The Snow Queen. By Hans Christian Andersen. Illustrated by Bagram Ibatoulline. Harper. $17.99.
Dot. By Randi Zuckerberg. Illustrated by Joe Berger. Harper. $17.99.
Pinkalicious Cupcake Cookbook. By Victoria Kann. Recipe development by Patti Paige. Photographs by Kristen Hess. Harper. $14.99.
Gorgeous gouache illustrations by Bagram Ibatoulline are the immediate attraction in a new retelling of Hans Christian Andersen’s The Snow Queen, one of his more-complex and in some respects more-puzzling fables. This is a rescue story, but not just a rescue story. It is a coming-of-age tale, but not just a coming-of-age tale. It is a love story, but not just a love story – and the kind of love story it tells is ambiguous. Like all of Andersen’s tales, this one is firmly grounded in his traditional Christian beliefs, although it is far less pushy in that regard than stories such as The Little Mermaid. The coming of evil into the world is what opens The Snow Queen – in a scene often omitted in modern adaptations but, thankfully, included here – but it is never quite clear whether the title character represents evil or is just an amoral force of nature, and whether she kidnaps the boy Kai because it is in her nature to do so or because she, in a twisted way, loves him (for she kisses him twice). Certainly, though, whatever love the Snow Queen may offer is a cold love, contrasted throughout with the warm (and entirely platonic) love of the girl Gerda for her playmate, a love that not only takes Gerda past multiple obstacles to the frozen wastes of Lapland but also results in Kai magically forming the word “eternity” from ice and thereby winning his freedom. Mystical and in some ways unsettling, The Snow Queen is far more than a children’s story, even though most versions of it – this one included – are intended for young readers. Ibatoulline’s atmospheric, brooding and dark-hued pictures relating to winter and the Snow Queen stand in beautiful contrast to his superb renditions of other characters, both human and nonhuman (the latter including a crow, a reindeer and many flowers). The portrayal of the robbers in the forest is particularly outstanding, and the twinkling eyes of the dark-haired robber girl set her in perfect contrast to the sad-but-determined ones of blonde-haired Gerda. Every page here is a delight, whether Ibatoulline is showing the Northern Lights in all their brilliance (with a small, dark cottage in which a single window is lit up in the background) or portraying Gerda struggling, bootless and with numb feet, through an all-encompassing snowstorm. The Snow Queen can be enjoyed and interpreted on many levels, and the excellent illustrations in this new version will encourage young readers and adults alike to return to the story again and again to plumb its depths.
Dot, eponymous protagonist of Randi Zuckerberg’s amusing book, is as modern a little girl as Gerda is an old-fashioned one, and Dot’s concerns are as contemporary as Gerda’s are timeless. Dot – endearingly drawn by Joe Berger – is obsessed with modern electronics, spending all her time tapping, touching, tweeting, tagging and otherwise connecting without really making any connections (except through the Internet and WiFi networks). Zuckerberg’s cleverly alliterative story also shows how Dot likes to surf, swipe, share and search – and, using every electronic means possible, to talk and talk and talk. But inevitably, Dot – watched at all times by her long-suffering dog, who simply cannot get her to do something as mundane as throw a ball – overloads on all the electronic communication and ends up quite dazed. So her mother (who is heard but not seen) urges her to get herself outside so she can “Reboot! Recharge! Restart!” And Dot does, soon reinterpreting all the electronic-world words in the world of sunshine and genuine friendships: “tap” becomes tap dancing, “touch” now involves a flower rather than a screen, “tweet” means imitating birdsong, and so on. By the end of the book, Dot and her friends have figured out how to balance electronic and in-person communication, and everyone – including the dog – is happy. Dot is a nicely soft-pedaled lesson in the problems and pleasures of living real life as well as the electronic kind.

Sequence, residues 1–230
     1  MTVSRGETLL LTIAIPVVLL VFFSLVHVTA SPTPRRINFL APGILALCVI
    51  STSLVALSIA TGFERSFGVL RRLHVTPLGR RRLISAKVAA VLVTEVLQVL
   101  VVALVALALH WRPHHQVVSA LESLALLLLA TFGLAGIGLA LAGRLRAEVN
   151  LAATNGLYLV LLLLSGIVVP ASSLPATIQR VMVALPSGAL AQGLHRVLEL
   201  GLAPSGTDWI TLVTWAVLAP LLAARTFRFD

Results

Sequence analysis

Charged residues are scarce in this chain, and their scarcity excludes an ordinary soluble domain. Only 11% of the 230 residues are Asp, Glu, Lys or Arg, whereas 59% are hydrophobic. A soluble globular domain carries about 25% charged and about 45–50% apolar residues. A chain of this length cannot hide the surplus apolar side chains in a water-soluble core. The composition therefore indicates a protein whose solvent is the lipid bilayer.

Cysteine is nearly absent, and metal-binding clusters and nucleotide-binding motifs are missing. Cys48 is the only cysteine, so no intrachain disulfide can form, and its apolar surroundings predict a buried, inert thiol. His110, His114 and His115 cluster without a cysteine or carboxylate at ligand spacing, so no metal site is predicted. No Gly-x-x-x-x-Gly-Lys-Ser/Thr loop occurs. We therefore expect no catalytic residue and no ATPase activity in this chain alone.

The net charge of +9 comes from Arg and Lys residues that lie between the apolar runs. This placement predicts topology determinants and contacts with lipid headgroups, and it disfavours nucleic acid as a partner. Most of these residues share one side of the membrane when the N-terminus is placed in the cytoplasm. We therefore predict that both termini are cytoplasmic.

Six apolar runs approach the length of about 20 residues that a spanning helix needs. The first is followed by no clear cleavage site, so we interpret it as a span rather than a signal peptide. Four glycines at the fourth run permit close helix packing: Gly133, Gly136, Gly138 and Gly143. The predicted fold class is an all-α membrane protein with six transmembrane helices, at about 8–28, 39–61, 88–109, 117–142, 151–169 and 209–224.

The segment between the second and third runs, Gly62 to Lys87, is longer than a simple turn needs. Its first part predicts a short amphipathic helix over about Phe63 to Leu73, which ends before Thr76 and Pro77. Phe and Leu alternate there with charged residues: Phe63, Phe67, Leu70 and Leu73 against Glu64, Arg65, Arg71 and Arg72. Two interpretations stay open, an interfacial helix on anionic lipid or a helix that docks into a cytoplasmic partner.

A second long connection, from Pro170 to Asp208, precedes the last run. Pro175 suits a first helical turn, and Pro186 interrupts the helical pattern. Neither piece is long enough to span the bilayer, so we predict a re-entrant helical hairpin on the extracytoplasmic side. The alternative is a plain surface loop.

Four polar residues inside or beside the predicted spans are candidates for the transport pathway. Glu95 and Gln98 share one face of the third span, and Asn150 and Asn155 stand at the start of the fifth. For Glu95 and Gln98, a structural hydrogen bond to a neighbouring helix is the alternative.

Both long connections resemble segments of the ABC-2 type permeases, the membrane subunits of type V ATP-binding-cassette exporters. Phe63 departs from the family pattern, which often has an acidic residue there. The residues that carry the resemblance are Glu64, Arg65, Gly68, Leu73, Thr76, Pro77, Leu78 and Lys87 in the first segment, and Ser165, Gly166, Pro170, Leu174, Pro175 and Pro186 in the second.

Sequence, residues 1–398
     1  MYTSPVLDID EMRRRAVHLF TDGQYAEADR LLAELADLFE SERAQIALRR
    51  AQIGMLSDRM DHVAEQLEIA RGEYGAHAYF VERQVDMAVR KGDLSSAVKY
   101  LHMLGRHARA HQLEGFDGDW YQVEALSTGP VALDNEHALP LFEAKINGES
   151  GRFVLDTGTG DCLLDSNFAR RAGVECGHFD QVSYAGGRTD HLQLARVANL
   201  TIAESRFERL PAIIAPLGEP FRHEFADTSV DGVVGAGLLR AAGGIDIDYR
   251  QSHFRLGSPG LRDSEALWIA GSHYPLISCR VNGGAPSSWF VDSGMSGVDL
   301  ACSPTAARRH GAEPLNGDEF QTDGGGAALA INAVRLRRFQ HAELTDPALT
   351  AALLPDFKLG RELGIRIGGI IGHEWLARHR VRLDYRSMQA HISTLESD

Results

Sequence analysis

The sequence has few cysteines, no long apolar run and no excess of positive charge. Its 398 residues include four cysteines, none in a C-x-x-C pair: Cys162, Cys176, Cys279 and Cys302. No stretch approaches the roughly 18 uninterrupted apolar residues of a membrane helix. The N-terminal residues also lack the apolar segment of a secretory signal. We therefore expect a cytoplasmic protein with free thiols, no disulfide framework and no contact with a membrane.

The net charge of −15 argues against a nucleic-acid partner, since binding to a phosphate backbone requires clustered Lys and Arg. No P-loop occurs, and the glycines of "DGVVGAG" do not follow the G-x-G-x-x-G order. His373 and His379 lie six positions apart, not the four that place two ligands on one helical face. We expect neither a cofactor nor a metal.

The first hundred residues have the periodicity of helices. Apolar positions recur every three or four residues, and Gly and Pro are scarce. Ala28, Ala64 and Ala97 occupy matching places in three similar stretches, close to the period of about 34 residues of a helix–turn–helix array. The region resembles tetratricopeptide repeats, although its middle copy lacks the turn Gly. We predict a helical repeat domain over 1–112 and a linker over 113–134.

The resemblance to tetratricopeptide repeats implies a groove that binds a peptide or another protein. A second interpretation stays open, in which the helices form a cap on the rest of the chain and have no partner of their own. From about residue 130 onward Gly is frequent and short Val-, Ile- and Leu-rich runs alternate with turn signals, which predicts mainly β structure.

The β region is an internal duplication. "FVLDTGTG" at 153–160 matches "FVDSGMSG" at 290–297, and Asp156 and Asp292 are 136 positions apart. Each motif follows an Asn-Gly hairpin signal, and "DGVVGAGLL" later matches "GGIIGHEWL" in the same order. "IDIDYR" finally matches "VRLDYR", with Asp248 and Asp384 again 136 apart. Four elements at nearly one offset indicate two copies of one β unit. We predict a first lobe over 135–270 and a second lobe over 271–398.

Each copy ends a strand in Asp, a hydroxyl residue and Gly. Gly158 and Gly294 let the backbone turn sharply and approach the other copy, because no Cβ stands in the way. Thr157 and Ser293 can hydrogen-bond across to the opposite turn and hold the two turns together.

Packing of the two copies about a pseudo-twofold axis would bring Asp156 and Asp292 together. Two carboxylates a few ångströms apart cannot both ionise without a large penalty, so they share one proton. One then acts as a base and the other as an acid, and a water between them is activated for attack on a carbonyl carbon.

Pinkalicious is a differently obsessed character, with colors (often but not always pink) constantly on her mind. Now Victoria Kann offers a whole book of “pinktastic recipes” that not only feature Pinkalicious as guide (“I like to mix in a large bowl so nothing goes over the edge!”) but also end up with some cupcakes designed to look like characters from the Pinkalicious stories. The recipes in Pinkalicious Cupcake Cookbook are straightforward and generally easy to follow, their most distinguishing feature being that they mention specific brand names and types of products to use – gel food coloring rather than liquid, for example. In line with recent trendiness, there are gluten-free cupcakes here as well as traditional ones, and there are also such unexpected delights as a “teeny tiny pinky cupcake” the size of a thimble, a “purple power tower” (purple being another favored color of Kann’s character), and recipes that tie into Goldilicious, Emeraldalicious and the other Kann books. A cute seasonal touch is “I’m Dreaming of a Pink Christmas,” in which there are recipes for Christmas trees, snowmen and more. And then the book moves on to “cupcakes that look like some favorite PINKALICIOUS characters,” which are really amusing and will be a great treat for fans of Kann’s books. Helpful templates for specific recipe items are included at the back off the book, and the whole thing will be a lot of fun for kids and parents who enjoy working together in the kitchen as well as reading together elsewhere.
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